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So much competition in the World!!!

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    (Original post by 3.14159)
    i don't even have a chance trying to compete with the absolute army of supergeniuses that China and Japan produce every year. They are so disciplined and focused and it makes me just hate the british education system more:mad:
    Super-geniuses or excellent androids?
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    (Original post by najinaji)
    Super-geniuses or excellent androids?
    Well you can't really blame them. This sort of things has past on from centuries by the Chinese and other asian communities. Each child has some sort of factor which gets them going. For most, its the parents. Who want their child to bring them out of poverty maybe. Or to excel and not be laid back or even to make their country proud. This happen espcially with Chinese, Indians.
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    (Original post by Future_Dr)
    Its making me scared. :eek:

    I mean my alevel, I wan't to enjoy doing them, not be pressured to be the best.
    I mean my career choice, become a good doctor by passion, not compete with students who want to be dr for the sake of it.

    Tell me about your life and how competiton has ruled the final words.
    Sorry.

    You cannot afford the luxury of not being in the competition, unfortunately unless you are a multi-millionaire you never will because that is the foundation of capitalism.
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    supply and demand gap
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    Darwin ~ Survival of the fittest's, if you think becoming a doctor is too tough, life allows you to go into other subjects/professions.
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    (Original post by llys)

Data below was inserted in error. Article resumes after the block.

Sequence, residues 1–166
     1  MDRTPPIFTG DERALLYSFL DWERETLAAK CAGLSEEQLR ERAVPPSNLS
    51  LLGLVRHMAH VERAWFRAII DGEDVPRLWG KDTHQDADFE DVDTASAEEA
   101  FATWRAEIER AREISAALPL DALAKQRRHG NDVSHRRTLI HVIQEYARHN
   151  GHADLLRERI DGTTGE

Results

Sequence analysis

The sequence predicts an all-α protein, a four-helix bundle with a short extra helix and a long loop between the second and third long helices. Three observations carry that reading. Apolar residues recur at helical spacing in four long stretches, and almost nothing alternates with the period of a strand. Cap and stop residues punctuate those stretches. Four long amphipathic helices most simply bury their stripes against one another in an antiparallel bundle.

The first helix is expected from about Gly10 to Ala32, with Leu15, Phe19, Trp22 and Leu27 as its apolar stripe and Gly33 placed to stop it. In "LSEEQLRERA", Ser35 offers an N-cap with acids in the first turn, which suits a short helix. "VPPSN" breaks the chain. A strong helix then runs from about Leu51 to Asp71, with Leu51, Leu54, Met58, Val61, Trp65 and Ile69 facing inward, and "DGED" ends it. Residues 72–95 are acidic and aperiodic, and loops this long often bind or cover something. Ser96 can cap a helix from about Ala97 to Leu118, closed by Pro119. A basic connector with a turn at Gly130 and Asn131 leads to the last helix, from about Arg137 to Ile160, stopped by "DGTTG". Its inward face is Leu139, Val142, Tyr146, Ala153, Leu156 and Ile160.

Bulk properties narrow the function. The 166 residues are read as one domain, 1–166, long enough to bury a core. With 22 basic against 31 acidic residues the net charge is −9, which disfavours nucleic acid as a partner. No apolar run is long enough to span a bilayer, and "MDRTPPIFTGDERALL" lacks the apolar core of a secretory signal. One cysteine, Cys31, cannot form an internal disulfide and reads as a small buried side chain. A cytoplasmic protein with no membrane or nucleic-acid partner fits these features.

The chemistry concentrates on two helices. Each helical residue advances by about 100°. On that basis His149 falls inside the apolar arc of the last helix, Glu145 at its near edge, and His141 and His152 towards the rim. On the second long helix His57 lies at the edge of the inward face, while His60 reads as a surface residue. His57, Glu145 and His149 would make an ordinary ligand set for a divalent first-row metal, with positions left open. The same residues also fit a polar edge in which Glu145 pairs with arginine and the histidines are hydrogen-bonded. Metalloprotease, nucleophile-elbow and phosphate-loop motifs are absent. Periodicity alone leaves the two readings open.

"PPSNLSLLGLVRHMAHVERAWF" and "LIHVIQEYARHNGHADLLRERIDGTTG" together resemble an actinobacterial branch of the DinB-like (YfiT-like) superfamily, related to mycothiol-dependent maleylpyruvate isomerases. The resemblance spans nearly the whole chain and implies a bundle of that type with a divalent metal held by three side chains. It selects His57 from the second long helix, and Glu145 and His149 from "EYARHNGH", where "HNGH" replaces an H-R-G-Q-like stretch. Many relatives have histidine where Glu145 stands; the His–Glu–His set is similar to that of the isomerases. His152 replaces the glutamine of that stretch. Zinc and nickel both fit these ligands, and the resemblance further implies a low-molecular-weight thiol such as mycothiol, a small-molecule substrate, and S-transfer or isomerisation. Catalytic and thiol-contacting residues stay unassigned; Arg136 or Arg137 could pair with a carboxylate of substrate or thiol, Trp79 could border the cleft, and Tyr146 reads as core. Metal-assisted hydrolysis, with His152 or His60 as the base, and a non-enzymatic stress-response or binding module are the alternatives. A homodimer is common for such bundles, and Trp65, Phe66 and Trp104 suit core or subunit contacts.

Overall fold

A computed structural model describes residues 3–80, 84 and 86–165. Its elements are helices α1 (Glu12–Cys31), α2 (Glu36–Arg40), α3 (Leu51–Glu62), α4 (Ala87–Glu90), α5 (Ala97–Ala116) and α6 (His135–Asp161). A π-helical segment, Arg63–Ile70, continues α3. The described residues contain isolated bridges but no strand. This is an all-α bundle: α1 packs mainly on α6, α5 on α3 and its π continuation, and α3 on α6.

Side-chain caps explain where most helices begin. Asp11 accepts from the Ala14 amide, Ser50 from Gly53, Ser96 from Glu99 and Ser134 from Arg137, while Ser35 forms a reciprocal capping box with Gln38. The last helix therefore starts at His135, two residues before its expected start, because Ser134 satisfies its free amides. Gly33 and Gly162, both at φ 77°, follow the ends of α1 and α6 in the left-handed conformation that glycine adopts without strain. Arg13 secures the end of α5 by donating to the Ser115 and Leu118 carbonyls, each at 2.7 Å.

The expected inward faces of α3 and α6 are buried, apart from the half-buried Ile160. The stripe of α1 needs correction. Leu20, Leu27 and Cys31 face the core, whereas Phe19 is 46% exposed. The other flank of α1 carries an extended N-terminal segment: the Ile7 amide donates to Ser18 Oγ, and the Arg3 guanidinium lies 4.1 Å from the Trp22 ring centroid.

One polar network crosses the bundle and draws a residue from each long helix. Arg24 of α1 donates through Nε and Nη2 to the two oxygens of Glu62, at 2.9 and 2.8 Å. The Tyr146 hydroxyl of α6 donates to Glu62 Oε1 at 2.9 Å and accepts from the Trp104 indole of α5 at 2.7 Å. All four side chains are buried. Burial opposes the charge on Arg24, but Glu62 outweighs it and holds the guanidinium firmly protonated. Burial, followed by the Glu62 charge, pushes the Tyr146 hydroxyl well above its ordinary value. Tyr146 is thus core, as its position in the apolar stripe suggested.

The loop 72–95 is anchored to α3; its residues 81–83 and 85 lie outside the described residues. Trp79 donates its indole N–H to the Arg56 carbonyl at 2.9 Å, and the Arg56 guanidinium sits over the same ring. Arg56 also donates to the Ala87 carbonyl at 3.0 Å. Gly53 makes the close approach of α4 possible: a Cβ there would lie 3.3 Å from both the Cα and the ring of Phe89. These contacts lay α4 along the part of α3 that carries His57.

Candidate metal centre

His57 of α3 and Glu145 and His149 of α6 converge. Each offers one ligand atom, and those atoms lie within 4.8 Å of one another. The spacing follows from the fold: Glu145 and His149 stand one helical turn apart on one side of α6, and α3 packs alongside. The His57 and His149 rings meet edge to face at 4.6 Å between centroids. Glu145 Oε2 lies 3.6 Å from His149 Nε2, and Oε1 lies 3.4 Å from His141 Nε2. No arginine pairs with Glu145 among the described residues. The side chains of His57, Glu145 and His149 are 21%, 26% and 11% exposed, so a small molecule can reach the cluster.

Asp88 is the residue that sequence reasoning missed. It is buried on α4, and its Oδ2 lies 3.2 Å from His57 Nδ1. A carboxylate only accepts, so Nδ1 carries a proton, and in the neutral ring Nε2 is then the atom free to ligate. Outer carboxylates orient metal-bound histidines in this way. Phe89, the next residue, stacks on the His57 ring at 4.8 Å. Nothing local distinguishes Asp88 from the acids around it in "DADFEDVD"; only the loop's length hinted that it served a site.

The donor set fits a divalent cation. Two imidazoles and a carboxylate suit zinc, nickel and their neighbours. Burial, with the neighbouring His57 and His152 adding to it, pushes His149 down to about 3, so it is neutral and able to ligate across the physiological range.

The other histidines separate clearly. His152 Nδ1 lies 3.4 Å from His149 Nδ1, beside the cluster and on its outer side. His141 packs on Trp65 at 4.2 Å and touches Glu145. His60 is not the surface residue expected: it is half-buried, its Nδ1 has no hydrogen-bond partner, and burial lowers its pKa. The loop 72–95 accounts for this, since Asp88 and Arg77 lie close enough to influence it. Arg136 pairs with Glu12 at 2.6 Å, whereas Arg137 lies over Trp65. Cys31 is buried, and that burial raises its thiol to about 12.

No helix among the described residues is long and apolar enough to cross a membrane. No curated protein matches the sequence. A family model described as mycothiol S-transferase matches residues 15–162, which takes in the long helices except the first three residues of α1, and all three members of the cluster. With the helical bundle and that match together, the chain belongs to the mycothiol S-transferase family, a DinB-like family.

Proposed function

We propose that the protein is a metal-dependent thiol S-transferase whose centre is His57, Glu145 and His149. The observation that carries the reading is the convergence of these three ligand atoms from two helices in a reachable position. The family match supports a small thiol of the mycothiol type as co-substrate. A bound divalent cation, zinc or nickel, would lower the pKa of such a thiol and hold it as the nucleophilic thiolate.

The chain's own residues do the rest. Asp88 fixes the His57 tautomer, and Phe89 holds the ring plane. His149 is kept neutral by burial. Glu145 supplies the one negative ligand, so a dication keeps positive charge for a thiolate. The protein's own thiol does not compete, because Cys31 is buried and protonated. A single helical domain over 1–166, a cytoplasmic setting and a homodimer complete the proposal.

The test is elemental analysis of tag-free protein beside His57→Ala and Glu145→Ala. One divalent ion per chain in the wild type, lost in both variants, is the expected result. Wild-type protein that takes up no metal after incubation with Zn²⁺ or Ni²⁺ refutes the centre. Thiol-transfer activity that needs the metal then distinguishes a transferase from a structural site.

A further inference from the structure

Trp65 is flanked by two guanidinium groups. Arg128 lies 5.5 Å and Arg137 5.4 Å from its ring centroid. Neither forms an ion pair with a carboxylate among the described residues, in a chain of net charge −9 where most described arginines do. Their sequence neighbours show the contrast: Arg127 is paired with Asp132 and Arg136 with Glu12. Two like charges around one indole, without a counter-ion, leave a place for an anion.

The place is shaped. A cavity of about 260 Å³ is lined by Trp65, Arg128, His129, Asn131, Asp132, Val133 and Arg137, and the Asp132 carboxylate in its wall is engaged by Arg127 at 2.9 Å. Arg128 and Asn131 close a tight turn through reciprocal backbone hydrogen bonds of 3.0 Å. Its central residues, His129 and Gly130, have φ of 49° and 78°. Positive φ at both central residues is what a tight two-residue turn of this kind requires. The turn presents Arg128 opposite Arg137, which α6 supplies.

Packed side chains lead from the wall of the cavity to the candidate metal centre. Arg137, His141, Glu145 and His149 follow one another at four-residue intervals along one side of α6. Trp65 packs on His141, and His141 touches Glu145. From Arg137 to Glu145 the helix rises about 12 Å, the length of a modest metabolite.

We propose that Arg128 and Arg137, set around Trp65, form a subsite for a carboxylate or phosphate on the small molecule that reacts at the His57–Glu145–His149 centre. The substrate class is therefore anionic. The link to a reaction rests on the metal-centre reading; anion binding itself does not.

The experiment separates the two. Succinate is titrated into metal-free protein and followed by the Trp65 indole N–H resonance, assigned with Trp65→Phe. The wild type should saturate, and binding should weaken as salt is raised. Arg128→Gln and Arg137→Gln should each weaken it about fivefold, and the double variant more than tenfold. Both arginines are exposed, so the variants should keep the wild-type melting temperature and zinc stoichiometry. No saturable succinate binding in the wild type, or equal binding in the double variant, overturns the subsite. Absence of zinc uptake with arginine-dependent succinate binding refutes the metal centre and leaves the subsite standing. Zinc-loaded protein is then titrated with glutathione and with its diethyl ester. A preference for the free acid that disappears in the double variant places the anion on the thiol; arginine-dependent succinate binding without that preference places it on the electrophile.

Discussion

Unfortunately it'll just get worse from here on.
    No, it really doesn't. If anything, it gets far better. When I was doing A levels, I found the whole thing to be ludicrous. Teachers were teaching for the majority - they were dynamic and engaging, and tried to keep kids entertained and so the minority who were actually pretty clever didn't understand what was going on.

    The stress of exams, the panic of university offers, choosing the degree, being clumped with a hundred other people in your position who constantly remind you of how you're not doing well in X or how they're really good at Y... it was atrocious.

    I wish someone had told me that A level's really don't mean as much as you think they do. I mean fine, they're the tools to get into university, yes. But even if you don't get A*A*A* or something stupid and you end up at say, Exeter or Kent, or somewhere that's distinctly "average", you can still pull yourself up, get a 2:1 or above and then go do a masters at a really good uni.

    Even if you don't want to do an MSc, the degree itself will rule your A levels out. As far as graduate jobs and applications go, they're stupidly competitive because nobody knows what to do and it feels like the 'logical step' - GCSE -> A levels -> Uni -> Graduate job, right? Wrong. There are loads of employers who will see your degree, as long as you do well in it, and ask you for an interview.